all of her alters contact her about as frequently as she contacts them. For her, it is not about regulating access so much as maintaining stability. She prefers the telephone, and prefers to use it with people who keep up (i.e., calling and receiving calls equally).

As one can see from these two networks, Priscilla is far more active than Barbara, but that activity is also partly about habit. By routinely checking email, leaving her instant message account active and keeping her telephone with her, she is regulating access so that other people can use what strategy suits them best for contacting Priscilla. By contrast, Barbara says she tried instant messaging once and did not like it. She imbues media with affect rather than affordances. For her it is ‘less than’ in person or voice contact, rather than being convenient or useful.

6.4.2 The particularity score Moving from two networks to the entire data set, I need to quantify particularity in some meaningful way. There are numerous means for testing the differences between individuals in a given set, but few of these techniques allow for large scale comparisons across sets. If I was examining one or perhaps a few networks, comparing the networks using multidimensional scaling would be a sensible option. For each network, I could plot the differences in media use between networks. It would be a visual diagram that lays out the members of a network according to their differences in media use. If all members of the network use media similarly with ego then they would all be clumped together. If ego has two clear but distinct strategies (say one with workmates and one with family members), then there would be two clumps.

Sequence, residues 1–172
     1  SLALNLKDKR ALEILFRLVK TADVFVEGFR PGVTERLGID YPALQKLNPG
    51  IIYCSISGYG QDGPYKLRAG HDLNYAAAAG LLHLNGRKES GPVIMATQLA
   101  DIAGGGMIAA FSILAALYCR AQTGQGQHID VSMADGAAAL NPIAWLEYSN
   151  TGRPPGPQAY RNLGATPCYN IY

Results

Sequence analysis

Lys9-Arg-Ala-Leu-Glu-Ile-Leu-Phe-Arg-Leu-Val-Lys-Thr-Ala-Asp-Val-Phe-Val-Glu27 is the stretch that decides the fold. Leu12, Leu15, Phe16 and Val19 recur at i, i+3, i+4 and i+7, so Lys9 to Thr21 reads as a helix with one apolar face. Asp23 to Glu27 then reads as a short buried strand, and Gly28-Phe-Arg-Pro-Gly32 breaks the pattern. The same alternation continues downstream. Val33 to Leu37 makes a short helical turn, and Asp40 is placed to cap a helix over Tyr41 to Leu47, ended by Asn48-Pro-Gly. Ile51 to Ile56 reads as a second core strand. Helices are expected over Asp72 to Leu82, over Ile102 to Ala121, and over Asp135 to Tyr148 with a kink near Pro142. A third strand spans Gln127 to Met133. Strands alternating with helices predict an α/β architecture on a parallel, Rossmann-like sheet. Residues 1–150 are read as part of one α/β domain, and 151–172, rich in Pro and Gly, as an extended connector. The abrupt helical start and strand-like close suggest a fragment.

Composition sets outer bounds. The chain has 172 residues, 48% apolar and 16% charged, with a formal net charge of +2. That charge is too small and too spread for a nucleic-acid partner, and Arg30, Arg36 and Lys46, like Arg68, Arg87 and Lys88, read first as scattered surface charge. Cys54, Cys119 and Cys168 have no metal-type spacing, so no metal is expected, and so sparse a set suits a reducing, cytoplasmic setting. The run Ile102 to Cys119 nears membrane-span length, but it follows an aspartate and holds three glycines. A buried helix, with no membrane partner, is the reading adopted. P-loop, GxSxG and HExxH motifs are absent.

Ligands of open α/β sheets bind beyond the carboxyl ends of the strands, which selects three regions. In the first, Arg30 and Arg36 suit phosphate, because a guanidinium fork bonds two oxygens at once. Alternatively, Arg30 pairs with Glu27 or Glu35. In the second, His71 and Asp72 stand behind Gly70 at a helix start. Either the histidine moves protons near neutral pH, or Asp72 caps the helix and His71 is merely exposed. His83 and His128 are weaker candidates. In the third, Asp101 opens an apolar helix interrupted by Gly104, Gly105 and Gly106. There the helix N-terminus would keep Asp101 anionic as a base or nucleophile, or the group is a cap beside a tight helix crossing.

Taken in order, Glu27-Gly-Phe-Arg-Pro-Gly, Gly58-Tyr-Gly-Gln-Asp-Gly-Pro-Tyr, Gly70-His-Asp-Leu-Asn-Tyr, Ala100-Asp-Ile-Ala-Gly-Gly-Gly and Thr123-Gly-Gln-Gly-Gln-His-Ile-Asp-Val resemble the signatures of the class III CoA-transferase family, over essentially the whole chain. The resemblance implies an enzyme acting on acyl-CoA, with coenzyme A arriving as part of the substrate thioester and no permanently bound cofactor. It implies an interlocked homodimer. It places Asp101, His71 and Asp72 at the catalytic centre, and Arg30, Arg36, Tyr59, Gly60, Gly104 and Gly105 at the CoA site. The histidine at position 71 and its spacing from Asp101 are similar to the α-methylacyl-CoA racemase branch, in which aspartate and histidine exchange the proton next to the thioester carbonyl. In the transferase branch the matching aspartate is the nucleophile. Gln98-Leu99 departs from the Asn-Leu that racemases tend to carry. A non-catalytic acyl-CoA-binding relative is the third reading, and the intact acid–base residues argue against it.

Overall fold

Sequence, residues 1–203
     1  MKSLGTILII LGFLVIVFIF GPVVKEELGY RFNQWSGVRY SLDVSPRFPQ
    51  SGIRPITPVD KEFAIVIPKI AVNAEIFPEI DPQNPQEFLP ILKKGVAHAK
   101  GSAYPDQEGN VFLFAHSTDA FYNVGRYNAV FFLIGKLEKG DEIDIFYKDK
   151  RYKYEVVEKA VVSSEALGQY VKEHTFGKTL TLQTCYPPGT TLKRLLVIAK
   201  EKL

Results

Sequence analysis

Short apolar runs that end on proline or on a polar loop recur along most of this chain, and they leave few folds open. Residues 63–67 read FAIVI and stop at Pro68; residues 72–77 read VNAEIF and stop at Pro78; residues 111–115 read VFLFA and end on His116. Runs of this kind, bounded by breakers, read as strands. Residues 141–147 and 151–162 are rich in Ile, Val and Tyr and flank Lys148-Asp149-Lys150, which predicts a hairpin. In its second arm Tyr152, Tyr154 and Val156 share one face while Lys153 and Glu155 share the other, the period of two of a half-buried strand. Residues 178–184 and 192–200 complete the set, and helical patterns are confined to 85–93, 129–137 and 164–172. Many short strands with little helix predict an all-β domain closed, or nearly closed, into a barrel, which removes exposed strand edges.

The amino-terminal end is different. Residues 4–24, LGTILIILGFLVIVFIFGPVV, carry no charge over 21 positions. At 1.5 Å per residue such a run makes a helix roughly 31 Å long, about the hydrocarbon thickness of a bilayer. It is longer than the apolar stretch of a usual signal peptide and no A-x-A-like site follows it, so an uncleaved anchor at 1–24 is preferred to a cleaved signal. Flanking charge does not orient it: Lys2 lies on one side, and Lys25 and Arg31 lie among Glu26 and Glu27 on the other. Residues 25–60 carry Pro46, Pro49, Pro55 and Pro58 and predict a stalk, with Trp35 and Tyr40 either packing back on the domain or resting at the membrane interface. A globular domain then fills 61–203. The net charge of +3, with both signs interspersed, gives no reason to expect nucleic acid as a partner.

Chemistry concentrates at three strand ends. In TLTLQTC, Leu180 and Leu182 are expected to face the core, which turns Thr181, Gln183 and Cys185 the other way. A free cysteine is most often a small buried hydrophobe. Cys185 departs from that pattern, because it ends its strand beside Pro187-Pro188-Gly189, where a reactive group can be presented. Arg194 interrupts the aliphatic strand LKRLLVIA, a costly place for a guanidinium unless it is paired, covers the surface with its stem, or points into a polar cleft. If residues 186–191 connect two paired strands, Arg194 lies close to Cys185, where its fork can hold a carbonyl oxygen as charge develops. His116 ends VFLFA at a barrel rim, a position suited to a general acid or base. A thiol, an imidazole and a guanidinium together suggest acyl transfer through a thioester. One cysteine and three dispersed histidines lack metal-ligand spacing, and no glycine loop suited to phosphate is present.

However, 86 multidimensional scaling plots are no way to interpret these personal networks. Fortunately, I can draw upon the logic of multidimensional scaling to get an overall assessment and thus a ranking of individuals by media use.

Fundamentally, multidimensional scaling calculates pairwise comparisons of variables for every case. So if there are 4 cases, it calculates 6 (or (n*(n-1))/2 ) comparisons.


The comparisons generally use a dissimilarity measure such as Euclidean distance (which is also used to calculate distance in the common network analysis technique of blockmodeling). In the standard form, the formula for this distance is very straightforward as the root of the sum of squares of the differences between variables. For two points P and Q in N -dimensional vector space (i.e., two cases each with values